SpyCast 8.1.23
Ep 596 | 8.1.23

“The 18-Year-Old Soviet Spy on the Manhattan Project: Ted Hall” – with Director Steve James

Show Notes


Steve James (IMDb) joins Andrew (TwitterLinkedIn) to discuss his new film, A Compassionate Spy. 18-year-old Ted Hall was the youngest physicist working on the Manhattan Project in Los Alamos. 

What You’ll Learn


  • Soviet-American relations during WWII
  • The Manhattan Project and the development of the Atomic Bomb 
  • Motivations for atomic espionage
  • The life and story of Theodore Hall


  • With great power … comes great responsibility
  • State allegiance vs. personal conscience

And much, much more …

Episode Notes

At only 18 years old, Theodore Hall was the youngest physicist recruited to work on the production of the atomic bomb at Los Alamos. He was a prodigy of sorts – Incredibly talented and intelligent in the subjects of mathematics and science. While the bomb was a success, Ted faced an overwhelming crisis of conscience and made a life-altering move to attempt to even the atomic playing field. Informed by archival footage and interviews with both Ted and Joan Hall, The Compassionate Spy will encourage you to confront the same questions that led Theodore Hall to share secrets with the Soviets.

This week on SpyCast, Andrew is joined by filmmaker Steve James to discuss Ted’s story, the story of a talented teenager thrust into the challenges of the nuclear race. It’s a spy story, it’s a love story, and it’ll help you better wrap your head around the history of the Manhattan Project amidst the Oppenheimer buzz. Tune in to learn more.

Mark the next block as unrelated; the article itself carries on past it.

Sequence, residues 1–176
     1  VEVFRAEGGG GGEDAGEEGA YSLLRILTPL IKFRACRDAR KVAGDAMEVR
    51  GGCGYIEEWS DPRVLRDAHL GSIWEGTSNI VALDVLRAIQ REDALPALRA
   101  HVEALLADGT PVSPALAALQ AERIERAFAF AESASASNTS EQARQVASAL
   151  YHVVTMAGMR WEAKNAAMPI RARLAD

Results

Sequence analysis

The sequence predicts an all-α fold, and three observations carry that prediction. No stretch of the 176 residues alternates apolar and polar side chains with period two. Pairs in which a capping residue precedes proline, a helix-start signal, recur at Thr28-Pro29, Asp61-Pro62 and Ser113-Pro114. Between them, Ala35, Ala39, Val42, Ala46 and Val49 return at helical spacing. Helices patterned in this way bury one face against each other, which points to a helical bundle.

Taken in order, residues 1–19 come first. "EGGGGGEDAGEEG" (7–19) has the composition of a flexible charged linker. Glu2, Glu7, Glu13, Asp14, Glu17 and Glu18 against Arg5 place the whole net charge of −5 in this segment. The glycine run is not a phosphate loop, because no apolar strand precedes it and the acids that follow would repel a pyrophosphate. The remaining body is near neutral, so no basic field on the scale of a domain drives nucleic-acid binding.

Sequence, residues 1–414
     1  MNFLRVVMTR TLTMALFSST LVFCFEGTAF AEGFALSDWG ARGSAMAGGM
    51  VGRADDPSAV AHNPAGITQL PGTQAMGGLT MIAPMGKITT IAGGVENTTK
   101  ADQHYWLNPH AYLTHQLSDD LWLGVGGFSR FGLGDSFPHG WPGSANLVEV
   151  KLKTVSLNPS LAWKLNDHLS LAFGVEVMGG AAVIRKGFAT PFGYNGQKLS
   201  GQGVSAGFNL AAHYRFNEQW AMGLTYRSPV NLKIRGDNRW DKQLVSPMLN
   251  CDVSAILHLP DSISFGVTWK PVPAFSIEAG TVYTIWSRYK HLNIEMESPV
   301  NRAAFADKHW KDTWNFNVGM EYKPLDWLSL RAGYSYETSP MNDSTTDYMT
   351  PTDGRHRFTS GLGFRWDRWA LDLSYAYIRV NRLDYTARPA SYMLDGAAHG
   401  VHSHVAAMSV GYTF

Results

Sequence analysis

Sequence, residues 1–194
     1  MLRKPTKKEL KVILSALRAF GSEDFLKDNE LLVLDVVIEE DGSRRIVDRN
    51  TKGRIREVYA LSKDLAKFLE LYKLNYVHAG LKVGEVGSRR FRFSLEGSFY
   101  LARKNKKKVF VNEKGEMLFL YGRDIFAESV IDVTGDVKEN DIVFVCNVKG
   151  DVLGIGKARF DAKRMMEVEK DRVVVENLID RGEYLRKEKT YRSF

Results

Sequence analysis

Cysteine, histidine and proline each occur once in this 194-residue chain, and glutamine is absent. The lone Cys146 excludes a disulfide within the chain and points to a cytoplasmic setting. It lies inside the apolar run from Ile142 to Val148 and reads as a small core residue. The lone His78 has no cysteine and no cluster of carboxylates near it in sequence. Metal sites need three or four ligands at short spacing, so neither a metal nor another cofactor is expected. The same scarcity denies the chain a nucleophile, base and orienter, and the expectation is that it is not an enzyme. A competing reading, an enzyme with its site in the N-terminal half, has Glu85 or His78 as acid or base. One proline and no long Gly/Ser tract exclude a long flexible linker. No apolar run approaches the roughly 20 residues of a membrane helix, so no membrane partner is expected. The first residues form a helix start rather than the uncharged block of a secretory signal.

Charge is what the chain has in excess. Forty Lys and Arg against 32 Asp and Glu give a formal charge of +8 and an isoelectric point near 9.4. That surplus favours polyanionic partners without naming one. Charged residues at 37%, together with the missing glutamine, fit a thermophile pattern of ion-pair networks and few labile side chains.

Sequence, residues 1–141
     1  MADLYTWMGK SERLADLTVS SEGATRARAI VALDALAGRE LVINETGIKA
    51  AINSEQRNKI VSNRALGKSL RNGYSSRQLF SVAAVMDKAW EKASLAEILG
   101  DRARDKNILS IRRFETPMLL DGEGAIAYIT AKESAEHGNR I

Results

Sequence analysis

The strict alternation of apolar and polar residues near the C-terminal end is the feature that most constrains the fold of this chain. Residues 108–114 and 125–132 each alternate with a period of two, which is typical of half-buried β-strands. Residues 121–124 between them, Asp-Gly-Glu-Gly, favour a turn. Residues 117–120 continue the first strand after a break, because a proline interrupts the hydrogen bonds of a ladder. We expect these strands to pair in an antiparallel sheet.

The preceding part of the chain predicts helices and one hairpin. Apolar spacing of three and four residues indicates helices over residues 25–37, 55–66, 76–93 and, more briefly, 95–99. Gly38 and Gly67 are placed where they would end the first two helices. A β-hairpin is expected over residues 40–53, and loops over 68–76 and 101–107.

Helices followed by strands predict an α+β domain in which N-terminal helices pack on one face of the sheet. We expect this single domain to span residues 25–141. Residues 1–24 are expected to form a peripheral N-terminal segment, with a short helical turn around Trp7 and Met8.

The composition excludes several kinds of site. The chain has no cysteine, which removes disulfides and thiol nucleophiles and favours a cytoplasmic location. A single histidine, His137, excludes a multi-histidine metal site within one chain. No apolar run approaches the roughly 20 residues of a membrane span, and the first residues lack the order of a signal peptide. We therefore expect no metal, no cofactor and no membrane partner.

Steve James has been nominated for two Academy Awards: Best Documentary Feature in 2018 for Abacus: Small Enough to Jail, and Best Film Editing in 1995 for Hoop Dreams. Steve is the first Oscar nominee to join us on SpyCast since Robert de Niro sat down with our first host Peter Earnest in 2009! 

Quotes of the Week

“Ted was young and naive in some ways, but his reasons for what he did were not grounded in fantasy … Whether you support what he did or not, I don't know that the U. S. having the bomb all to itself would have been a great thing, given that we are the only nation to have actually dropped the bomb on anyone, period.” – Steve James



*Headline Resource* 

  • A Compassionate Spy, Steve James, Magnolia Pictures (2022)
  • Available in select theaters and streaming on August 4th


*Beginner Resources*



  • Sleeper Agent: The Atomic Spy in America Who Got Away, A. Hagedorn (Simon & Schuster, 2021)
  • The Manhattan Project: The Birth of the Atomic Bomb in the Words of Its Creators, Eyewitnesses, and Historians, C. C. Kelly (Black Dog & Leventhal, 2020) 
  • Atomic Spy: The Dark Lives of Klaus Fuchs, N. T. Greenspan (Penguin Books, 2020)
  • Bombshell: The Secret Story of America’s Unknown Atomic Spy Conspiracy, J. Albright & M. Kunstel (Times Books, 1997) 



Primary Sources 

*Wildcard Resource*

  • The development of nuclear weapons not only had a massive impact on history and science – It also inspired new architectural designs and art. Read this Architectural Digest article on the Atomic Age Design and why our brains still register it as “futuristic” 75 years later!